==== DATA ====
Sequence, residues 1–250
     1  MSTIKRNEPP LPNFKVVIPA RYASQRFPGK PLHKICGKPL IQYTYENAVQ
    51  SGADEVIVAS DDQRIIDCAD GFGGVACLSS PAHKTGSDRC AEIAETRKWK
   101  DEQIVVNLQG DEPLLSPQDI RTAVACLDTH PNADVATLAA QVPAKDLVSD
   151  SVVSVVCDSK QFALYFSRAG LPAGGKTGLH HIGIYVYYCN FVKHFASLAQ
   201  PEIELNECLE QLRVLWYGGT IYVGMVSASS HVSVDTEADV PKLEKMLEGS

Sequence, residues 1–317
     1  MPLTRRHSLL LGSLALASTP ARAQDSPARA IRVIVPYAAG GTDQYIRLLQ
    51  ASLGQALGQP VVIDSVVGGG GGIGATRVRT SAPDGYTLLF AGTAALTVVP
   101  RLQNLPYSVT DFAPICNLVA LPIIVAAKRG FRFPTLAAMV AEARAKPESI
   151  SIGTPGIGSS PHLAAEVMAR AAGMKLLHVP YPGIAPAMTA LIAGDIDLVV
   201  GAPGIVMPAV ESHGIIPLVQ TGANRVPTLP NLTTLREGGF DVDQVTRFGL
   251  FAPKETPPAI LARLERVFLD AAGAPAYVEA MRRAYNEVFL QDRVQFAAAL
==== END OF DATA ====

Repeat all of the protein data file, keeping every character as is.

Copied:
Sequence, residues 1–250
     1  MSTIKRNEPP LPNFKVVIPA RYASQRFPGK PLHKICGKPL IQYTYENAVQ
    51  SGADEVIVAS DDQRIIDCAD GFGGVACLSS PAHKTGSDRC AEIAETRKWK
   101  DEQIVVNLQG DEPLLSPQDI RTAVACLDTH PNADVATLAA QVPAKDLVSD
   151  SVVSVVCDSK QFALYFSRAG LPAGGKTGLH HIGIYVYYCN FVKHFASLAQ
   201  PEIELNECLE QLRVLWYGGT IYVGMVSASS HVSVDTEADV PKLEKMLEGS

Sequence, residues 1–317
     1  MPLTRRHSLL LGSLALASTP ARAQDSPARA IRVIVPYAAG GTDQYIRLLQ
    51  ASLGQALGQP VVIDSVVGGG GGIGATRVRT SAPDGYTLLF AGTAALTVVP
   101  RLQNLPYSVT DFAPICNLVA LPIIVAAKRG FRFPTLAAMV AEARAKPESI
   151  SIGTPGIGSS PHLAAEVMAR AAGMKLLHVP YPGIAPAMTA LIAGDIDLVV
   201  GAPGIVMPAV ESHGIIPLVQ TGANRVPTLP NLTTLREGGF DVDQVTRFGL
   251  FAPKETPPAI LARLERVFLD AAGAPAYVEA MRRAYNEVFL QDRVQFAAAL